NPR logo Obama Cites Lincoln As Model Of Principled Politician Who Compromised

Obama Cites Lincoln As Model Of Principled Politician Who Compromised

Abraham Lincoln photo taken in 1861 at Mathew Brady's Washington, D.C. studio. Courtesy of the Library of Congress hide caption

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Courtesy of the Library of Congress

A memorable moment from President Obama's Friday town hall meeting at the University of Maryland, especially for Abraham Lincoln fans, was when the president cited the 16th president to make the point that it's possible to be a person of principle who makes compromises.

Obama's discussion of Lincoln was in response to a question from Mary Wagner, a teacher of government at Blake High School in the Montgomery County, Md., suburb of Washington, D.C.

Wagner said she taught her students that the U.S. system of government with its two-party system functions because of compromises struck between the partisan players.

But she wondered, given what's happening in Washington, if she should still be teaching that.

It's worth quoting their entire exchange because it provided plenty to chew on during a sweltering summer day.

It was one more reminder that Americans couldn't have a better model for what's required of them and their leaders in a democracy than Lincoln.

WAGNER: And one of the things that we teach our students when we're teaching them about this governmental system that we have is how important it is in a two-party system to compromise. And my students watched the Republican leadership after the last election saying things out loud like, we're not going to compromise with the Democrats. And does that mean — are things changing? Do we not use compromise anymore? And what should I teach my students about how our government works if people are saying out loud, we're not going to compromise with the other party? (Applause.)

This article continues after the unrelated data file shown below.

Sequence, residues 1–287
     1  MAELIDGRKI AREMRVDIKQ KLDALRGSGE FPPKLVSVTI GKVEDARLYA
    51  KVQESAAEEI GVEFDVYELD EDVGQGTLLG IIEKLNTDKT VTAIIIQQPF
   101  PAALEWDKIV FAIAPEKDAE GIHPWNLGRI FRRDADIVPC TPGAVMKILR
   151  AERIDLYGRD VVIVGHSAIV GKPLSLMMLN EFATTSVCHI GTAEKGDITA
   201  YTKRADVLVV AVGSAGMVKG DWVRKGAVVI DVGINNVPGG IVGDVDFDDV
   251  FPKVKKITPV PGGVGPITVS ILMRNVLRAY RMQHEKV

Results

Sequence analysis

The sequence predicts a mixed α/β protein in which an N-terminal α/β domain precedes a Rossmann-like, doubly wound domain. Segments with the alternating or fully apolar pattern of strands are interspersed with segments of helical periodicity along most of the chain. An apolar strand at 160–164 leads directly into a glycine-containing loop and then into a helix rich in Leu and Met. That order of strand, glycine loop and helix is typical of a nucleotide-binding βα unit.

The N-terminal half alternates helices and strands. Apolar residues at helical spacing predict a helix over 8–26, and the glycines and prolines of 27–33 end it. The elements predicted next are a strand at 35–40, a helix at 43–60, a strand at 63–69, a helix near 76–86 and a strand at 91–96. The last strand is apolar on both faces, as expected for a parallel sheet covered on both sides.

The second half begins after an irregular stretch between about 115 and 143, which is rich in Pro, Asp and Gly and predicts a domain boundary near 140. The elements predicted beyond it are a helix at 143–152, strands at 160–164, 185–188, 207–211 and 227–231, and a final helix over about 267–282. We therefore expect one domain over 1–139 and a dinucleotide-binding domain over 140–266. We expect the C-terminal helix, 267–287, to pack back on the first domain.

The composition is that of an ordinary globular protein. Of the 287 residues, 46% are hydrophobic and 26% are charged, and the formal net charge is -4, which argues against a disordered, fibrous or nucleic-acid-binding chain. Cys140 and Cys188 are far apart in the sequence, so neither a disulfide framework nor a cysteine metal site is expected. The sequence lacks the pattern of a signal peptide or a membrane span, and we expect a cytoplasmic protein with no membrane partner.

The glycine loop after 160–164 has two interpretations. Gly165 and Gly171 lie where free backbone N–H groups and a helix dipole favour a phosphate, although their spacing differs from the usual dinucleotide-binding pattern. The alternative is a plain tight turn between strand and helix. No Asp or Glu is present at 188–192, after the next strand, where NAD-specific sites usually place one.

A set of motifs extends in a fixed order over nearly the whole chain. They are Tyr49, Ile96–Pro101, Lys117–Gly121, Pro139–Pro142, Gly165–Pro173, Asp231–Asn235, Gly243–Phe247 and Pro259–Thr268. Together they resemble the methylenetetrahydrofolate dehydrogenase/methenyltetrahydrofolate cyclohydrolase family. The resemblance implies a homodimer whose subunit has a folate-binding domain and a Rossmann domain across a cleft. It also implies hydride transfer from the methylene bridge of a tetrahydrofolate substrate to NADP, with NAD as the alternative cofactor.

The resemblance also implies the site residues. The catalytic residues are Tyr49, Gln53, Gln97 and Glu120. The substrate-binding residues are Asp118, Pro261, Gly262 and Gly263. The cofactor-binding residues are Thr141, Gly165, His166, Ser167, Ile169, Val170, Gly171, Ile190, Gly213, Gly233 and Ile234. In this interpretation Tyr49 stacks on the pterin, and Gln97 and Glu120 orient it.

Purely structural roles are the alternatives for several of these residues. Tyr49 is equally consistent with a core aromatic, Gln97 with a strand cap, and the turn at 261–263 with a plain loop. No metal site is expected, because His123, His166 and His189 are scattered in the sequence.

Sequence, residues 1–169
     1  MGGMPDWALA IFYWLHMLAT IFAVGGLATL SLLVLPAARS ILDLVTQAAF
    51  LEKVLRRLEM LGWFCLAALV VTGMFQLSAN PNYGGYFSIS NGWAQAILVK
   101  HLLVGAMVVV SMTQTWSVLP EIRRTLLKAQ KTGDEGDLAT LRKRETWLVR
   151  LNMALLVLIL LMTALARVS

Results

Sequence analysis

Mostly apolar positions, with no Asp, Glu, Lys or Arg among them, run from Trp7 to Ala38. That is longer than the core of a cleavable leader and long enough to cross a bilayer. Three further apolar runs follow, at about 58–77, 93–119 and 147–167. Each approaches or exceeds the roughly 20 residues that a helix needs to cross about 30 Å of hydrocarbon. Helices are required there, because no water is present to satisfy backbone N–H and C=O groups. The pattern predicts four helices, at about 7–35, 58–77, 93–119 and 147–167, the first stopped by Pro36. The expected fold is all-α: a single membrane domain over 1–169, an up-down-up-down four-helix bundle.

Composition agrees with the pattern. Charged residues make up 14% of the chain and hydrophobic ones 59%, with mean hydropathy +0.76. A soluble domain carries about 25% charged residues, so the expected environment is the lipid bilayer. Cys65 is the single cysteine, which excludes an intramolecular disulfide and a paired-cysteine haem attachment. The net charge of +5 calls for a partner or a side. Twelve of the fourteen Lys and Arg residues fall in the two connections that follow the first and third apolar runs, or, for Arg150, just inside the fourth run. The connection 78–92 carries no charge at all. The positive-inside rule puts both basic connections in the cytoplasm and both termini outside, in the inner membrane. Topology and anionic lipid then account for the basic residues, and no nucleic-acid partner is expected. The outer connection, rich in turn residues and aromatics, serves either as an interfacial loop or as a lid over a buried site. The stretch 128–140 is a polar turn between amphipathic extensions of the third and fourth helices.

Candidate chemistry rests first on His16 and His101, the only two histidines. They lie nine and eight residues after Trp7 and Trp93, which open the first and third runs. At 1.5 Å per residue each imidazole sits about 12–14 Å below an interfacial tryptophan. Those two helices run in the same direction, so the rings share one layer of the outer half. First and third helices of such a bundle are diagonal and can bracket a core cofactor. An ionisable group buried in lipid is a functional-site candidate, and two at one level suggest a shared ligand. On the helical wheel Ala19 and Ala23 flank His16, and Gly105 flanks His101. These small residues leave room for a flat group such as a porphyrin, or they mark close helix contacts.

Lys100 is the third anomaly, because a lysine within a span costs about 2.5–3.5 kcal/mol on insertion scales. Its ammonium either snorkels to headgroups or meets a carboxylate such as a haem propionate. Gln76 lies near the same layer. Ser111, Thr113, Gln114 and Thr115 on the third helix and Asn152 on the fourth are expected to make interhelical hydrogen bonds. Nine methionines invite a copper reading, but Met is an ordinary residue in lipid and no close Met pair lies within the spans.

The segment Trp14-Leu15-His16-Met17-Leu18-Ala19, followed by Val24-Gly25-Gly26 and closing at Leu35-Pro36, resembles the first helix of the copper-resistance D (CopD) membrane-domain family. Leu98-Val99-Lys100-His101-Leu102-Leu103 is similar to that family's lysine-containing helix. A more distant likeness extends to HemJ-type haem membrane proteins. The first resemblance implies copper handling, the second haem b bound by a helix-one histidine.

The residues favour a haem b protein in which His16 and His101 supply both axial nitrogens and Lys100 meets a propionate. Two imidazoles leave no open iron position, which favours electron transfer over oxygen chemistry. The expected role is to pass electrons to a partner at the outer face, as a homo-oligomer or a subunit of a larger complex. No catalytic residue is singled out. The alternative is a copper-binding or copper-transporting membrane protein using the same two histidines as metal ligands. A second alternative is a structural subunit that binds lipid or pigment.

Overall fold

THE PRESIDENT: I think you should keep on teaching your students to compromise, because that's not just how government works; that's how life works. How many people here are married? (Laughter.) For those of you who are not but intend to get married, let me just tell you — (laughter) — you better get used to compromise.

All of us have particular views, a particular vision, in terms of where we think things should go. But we live in societies, we live in communities. And that means we never get our way a hundred percent of the time. That's what we teach our kids. That's what we teach our students. That's how government has to work.

And there's this notion — I was actually reading an article on the way over here, and the basic notion was that, well, Obama is responsible, but he doesn't fight enough for how he believes, and the Republicans are irresponsible but all full of conviction. So this was sort of the way the article was posed. And this notion that somehow if you're responsible and you compromise, that somehow you're giving up your convictions — that's absolutely not true. (Applause.)